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Should I Apply for an R01, R03, or R21 NIH Grant Award

Release Date: December 01, 2014
Category: Scientific Grant Writing
Author: Sonia M., Ph.D., E.L.S.

The NIH R-series mechanism provides funding support for research projects. The most common types of R-series grant funding are R01, R03, and R21 programs. These funding mechanisms each provide different levels of funding support, and they each fund a specific type of project. Choosing the right grant type for your specific needs is critical to your funding success (and can even affect your career success). While your program officer is the best resource to help assess which mechanism is best for your particular project, we have provided information here about the different mechanisms as well as some points to consider when choosing a grant funding mechanism.

R01 (Research Project Grants)

The R01 funding mechanism is one of the most common sources of NIH funding for independent investigators and can help establish your research career. Like almost all types of NIH funding, these grants are highly competitive; although the exact percentage of funded applications varies by year, institute, and specific request for applications (RFA) or program announcement (PA). The NIH posts RFAs typically as a one-time request for grant applications on a specific topic, and they generally have one submission deadline. PAs are posted when an institute is interested in developing a specific research area, and these requests will generally have multiple submission dates and will be ongoing for approximately 3 years. The current NIH RFAs and PAs can be found at the following website (

An R01 grant provides funding support for up to 5 years. The modular budget format allows you to request up to $250,000 per year in direct costs, but you can also request higher amounts if you do not choose a modular budget format. The higher level of funding and longer funding period for R01 grants should allow enough time and resources for researchers to collect and publish data. These publications can then be used as preliminary data to support renewal or new grant applications.

A successful R01 grant application requires that you have preliminary data to support your proposed research. Each institute sets its own payline (i.e., the percentile score at which applications will be awarded funding). If you are a new investigator or in the early stages of your career, you may benefit from the higher payline that many institutes have for new investigator applications.

R03 (Small Grant Projects)

The R03 funding mechanism is designed to fund small, short-term research projects for which little or no preliminary data are available. Awards are limited to $50,000 per year for a maximum of 2 years, and not all NIH institutes participate in R03 funding. These awards mainly support established investigators who need a minimal amount of funding for a small project. Because these grants provide little funding support and have a limited timeframe, they are generally not an ideal funding mechanism for new investigators.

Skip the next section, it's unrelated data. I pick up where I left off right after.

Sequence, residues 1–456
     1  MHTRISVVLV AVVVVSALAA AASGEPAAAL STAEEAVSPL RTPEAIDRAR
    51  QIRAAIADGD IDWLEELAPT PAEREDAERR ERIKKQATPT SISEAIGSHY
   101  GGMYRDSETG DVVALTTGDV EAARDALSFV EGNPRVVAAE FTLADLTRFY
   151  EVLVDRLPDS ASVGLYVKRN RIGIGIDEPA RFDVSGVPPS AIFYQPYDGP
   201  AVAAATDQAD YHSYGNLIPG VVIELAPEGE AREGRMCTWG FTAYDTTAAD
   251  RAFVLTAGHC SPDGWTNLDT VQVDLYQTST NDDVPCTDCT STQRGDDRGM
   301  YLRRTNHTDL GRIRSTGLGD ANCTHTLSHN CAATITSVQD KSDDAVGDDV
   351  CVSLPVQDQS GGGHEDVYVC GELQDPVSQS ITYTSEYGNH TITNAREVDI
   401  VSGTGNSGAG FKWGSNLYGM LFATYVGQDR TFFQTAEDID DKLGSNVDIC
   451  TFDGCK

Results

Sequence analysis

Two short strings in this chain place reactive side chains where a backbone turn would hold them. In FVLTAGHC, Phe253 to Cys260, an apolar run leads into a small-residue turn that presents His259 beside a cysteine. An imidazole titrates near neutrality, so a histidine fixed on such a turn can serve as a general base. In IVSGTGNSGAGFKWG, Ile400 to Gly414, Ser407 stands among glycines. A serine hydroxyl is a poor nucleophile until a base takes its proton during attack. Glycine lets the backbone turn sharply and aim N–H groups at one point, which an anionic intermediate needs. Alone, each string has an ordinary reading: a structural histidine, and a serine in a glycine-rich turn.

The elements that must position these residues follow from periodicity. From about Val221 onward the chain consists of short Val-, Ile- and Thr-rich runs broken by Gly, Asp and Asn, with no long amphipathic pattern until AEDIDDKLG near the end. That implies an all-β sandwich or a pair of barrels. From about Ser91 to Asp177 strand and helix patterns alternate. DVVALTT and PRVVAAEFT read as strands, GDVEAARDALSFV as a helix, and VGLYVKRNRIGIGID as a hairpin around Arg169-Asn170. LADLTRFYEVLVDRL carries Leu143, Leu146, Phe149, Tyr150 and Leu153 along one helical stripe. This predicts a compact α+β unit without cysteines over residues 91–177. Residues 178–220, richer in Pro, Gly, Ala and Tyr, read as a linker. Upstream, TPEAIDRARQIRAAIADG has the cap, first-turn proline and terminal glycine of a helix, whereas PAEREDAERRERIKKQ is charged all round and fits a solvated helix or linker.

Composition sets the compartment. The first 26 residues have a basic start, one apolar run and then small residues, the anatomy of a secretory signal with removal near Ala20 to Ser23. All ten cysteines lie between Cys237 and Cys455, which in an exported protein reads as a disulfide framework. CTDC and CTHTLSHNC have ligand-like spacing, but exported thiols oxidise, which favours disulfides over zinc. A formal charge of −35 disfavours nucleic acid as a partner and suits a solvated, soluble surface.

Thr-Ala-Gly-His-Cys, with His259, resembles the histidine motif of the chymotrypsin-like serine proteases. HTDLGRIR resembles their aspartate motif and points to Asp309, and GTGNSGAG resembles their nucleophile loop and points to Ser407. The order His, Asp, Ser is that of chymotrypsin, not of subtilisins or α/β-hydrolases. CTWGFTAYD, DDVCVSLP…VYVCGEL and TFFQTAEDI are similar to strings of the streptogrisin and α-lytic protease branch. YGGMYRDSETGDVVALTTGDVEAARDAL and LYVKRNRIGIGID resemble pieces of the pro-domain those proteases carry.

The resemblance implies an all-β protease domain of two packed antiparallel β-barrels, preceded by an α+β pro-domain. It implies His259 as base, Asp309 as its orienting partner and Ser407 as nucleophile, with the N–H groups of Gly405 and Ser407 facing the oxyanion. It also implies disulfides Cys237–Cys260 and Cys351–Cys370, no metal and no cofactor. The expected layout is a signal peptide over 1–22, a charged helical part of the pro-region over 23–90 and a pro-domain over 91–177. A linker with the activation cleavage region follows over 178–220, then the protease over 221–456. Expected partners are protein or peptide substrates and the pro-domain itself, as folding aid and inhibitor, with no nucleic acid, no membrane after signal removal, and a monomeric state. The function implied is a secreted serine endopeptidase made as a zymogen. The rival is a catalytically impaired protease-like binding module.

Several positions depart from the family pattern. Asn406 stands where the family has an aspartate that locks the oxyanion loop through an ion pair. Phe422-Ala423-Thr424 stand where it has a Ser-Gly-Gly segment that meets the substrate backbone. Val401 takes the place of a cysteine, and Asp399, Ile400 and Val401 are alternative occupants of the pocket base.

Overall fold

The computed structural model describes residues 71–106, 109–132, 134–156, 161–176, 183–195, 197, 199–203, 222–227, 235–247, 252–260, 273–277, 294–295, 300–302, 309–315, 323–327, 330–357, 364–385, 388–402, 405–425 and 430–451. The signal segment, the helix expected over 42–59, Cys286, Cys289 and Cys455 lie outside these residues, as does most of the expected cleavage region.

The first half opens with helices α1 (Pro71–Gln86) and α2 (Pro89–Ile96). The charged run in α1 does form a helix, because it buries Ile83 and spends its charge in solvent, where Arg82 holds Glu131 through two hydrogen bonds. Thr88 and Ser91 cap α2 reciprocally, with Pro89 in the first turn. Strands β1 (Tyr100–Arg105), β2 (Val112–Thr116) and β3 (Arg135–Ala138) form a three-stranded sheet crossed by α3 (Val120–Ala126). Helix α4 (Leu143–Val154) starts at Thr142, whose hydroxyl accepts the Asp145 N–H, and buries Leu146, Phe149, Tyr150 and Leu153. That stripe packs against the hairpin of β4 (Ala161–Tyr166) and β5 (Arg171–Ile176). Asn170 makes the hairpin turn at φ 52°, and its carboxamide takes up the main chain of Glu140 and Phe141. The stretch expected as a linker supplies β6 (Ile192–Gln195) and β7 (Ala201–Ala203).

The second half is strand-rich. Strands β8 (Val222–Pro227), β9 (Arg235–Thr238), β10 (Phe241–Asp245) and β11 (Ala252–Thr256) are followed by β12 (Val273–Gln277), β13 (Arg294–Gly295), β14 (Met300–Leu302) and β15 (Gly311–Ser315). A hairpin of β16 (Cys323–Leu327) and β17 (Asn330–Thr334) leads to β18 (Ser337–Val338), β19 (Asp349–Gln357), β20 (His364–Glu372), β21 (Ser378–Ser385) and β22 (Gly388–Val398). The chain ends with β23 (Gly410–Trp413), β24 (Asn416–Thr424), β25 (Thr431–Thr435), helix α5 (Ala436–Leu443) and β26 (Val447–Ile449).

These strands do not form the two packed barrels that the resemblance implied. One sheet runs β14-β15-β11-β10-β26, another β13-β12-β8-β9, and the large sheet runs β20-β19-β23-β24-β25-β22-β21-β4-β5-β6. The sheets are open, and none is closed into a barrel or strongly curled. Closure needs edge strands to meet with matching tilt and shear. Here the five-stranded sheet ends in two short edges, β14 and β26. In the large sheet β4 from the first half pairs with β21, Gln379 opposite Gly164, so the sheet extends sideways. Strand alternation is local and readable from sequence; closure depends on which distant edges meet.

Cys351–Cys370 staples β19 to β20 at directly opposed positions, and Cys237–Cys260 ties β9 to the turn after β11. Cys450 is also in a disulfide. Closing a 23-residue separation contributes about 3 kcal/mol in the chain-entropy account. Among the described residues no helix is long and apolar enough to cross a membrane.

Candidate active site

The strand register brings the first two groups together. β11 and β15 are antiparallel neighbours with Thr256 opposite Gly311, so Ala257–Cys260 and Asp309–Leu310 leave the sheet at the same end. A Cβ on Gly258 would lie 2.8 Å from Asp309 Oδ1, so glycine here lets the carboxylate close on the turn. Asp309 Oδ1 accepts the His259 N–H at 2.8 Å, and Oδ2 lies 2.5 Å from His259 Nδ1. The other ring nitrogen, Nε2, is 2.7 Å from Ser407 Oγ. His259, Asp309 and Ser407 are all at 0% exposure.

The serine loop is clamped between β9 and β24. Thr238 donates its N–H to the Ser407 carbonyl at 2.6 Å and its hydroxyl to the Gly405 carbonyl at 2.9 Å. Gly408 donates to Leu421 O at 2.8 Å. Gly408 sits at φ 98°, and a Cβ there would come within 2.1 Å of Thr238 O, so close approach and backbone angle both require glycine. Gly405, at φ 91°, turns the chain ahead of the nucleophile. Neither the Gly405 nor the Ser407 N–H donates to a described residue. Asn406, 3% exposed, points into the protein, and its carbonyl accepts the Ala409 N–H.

R21 (Exploratory/Development Grants)

R21 grants are designed to provide funding for exploratory research that has the potential to lead to advances in health research. Typically, these projects will have little preliminary data in support of the proposed research. Although no preliminary data are required, in practice, most investigators do include such data, and reviewers tend to score proposals that have some preliminary data higher than those without. As with R03 grants, not all NIH institutes provide R21 funding.

R21 grants only provide up to 2 years of funding support and a maximum support of $275,000. They are not renewable. For these reasons, the NIH cautions against applying for an R21 grant solely to obtain preliminary data for an R01 application. Because the R21 funding period is so short, there is typically not enough time within the 2 years to obtain sufficient preliminary data, publish the results, and prepare a successful R01 application to avoid a gap in funding. R21 applications also do not provide any special considerations for new investigators. However, if your proposed research will not require a long timeframe and you have limited preliminary data, an R21 grant may be a good choice.

How to Decide Which Grant is the Best Fit

When you are trying to decide the best funding mechanism, RFA, or program announcement (PA) to apply for, your program officer is the best resource to help you make the decision. They are very familiar with the goals of each opportunity and can help you avoid wasting an application for a grant type that does not suit your particular needs and specific research project.

R01 grants are the most common research funding mechanism for independent investigators and can provide a long period of support with a large amount of funding support. R03 and R21 grants provide smaller amounts of support and are designed for smaller, feasibility projects that do not require as much time or funding. All three of these award mechanisms fund approximately the same percentage of the applications received, so none of them are “easier” to successfully receive funding for.

For more information, the following resources may be helpful:

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